Qualcomm, Nokia Gird for Clash of the Titans - InformationWeek

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Commentary
4/6/2007
03:03 PM
Eric Ogren
Eric Ogren
Commentary
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Qualcomm, Nokia Gird for Clash of the Titans

Next Monday's expiration of the cross-licensing agreement between Qualcomm and Nokia has sparked a number of different legal tactics by both companies over the the last few weeks. What's really at stake here? Money and Power.

Next Monday's expiration of the cross-licensing agreement between Qualcomm and Nokia has sparked a number of different legal tactics by both companies over the the last few weeks. What's really at stake here? Money and Power.There's no other way to say it. Both Qualcomm and Nokia are international wireless technology powerhouses. Between the two organizations, the number of patents regarding cell phone technology that people use every day is immense. The very future of mobile technology, and its cost, will in large part be determined by the outcome of the negotiations.

Qualcomm and Nokia first signed the current licensing agreement back in the early 90s, and re-vamped it in 2001. The agreement allows each company to use portions of the other's existing technology in their own products for certain licensing fees. For example, Nokia pays Qualcomm between 4% and 5% of the cost of each handset it sells that uses CDMA technology. Cross-licensing agreements like this are nothing new. Companies do it all the time. Why is the fuss surrounding this one creating so many waves? Well, billions of dollars.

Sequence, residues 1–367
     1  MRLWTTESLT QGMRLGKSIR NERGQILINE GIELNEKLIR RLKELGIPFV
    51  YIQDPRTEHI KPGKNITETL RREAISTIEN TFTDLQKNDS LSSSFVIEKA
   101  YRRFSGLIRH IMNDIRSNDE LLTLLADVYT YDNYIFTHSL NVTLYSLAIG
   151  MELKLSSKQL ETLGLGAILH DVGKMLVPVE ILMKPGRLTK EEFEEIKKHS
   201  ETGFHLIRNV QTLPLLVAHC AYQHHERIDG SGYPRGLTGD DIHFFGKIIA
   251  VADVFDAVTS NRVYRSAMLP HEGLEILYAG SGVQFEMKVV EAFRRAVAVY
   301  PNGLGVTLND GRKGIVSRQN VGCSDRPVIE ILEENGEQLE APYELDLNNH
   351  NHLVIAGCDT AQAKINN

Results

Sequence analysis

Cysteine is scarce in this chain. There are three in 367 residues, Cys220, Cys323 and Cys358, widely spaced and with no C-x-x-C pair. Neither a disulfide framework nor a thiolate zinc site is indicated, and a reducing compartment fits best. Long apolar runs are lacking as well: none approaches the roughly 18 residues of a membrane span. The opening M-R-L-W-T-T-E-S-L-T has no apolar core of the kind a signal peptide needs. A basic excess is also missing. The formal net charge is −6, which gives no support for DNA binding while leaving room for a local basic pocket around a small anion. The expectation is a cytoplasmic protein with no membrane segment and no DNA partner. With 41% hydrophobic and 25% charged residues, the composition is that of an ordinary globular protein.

Analysts estimate that Nokia already pays Qualcomm $500 million per year to license its patents. I can't think of anyone who wouldn't want to keep getting half-billion dollar checks in the mail. On the flip side, I can't imagine Nokia enjoys writing out those checks, either.

Whatever the details are of any future agreements, you can be sure that we'll all feel the reverberations. How soon that will be, however, depends on how reasonable both companies are during the negotiation process.

Considering the legal maneuvering we've already seen, and the threat of new legal action after the agreement ends from both firms, I am not overly hopeful for a speedy resolution.

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